The formation of the new Ministry of Ecological Environment, which has sweeping powers to curb pollution, is a major step to protect the environment and will help prevent systemic destruction of China's ecology, said environment minister Li Ganjie yesterday.
The new ministry will replace the Ministry of Environmental Protection, which Mr Li currently heads, and take over major environmental protection responsibilities, including climate change and emissions reduction policies, agricultural pollution and marine conservation, among others. These are currently scattered across various government agencies and ministries.
Mr Li said the new ministry will be able to coordinate policies and efforts to protect all aspects of China's environment, from its forests, lakes and rivers, to its grasslands and fields.
"If those who plant trees only bother about trees, if those who administer water resources only bother about water, and if those who protect the fields only bother about fields - it is easy to overlook other areas (of the environment), and the ecology will inevitably be systematically destroyed," he said.
Mr Li was speaking at a press conference on fighting pollution held on the sidelines of this year's National People's Congress (NPC) meetings. Fighting pollution is one of three "critical battles" outlined by Chinese President Xi Jinping, the others being reducing poverty and tackling financial risks.
Earlier yesterday, the NPC passed plans by the State Council, China's Cabinet, to set up the new ministry. The plans were part of a wide-ranging Cabinet reshuffle.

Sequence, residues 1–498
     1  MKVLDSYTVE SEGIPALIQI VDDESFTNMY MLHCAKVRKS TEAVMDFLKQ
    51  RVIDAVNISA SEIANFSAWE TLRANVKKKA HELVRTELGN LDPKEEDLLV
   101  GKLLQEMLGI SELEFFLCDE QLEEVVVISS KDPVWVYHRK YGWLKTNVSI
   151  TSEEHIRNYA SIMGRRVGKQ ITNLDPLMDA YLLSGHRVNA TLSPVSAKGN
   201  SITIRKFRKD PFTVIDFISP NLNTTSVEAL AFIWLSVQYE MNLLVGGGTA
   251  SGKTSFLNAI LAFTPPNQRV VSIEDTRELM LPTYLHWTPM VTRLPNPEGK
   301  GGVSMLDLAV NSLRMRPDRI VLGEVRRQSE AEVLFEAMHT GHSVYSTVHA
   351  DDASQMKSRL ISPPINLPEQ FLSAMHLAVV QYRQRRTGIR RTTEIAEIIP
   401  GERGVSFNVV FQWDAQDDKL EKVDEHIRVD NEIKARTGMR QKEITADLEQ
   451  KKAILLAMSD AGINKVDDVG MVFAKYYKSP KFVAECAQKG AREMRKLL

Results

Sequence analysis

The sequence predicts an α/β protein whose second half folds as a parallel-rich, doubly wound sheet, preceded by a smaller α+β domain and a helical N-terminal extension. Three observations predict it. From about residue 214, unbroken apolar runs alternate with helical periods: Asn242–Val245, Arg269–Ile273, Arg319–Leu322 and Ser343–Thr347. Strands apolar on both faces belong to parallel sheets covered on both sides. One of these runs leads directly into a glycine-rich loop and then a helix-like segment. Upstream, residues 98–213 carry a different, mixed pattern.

Mr Li said the reforms to the environment ministry fully reflect Mr Xi's thoughts on building an "ecological civilisation", adding that one aspect will see China take a more active part in global governance to build a clean and beautiful world.
Responding to a question on whether China's Belt and Road Initiative (BRI) threatened participating countries' environment, Mr Li said this would not happen as BRI will be sustainable only if it is "green".
On a question about China's ban on foreign waste imports last July, he said processing such waste domestically was creating severe pollution and harm to the environment. "All countries must deal with their own generation of hazardous waste, reduce this on their own, and process this on their own; only with this understanding... can we build a clean and beautiful world," he said.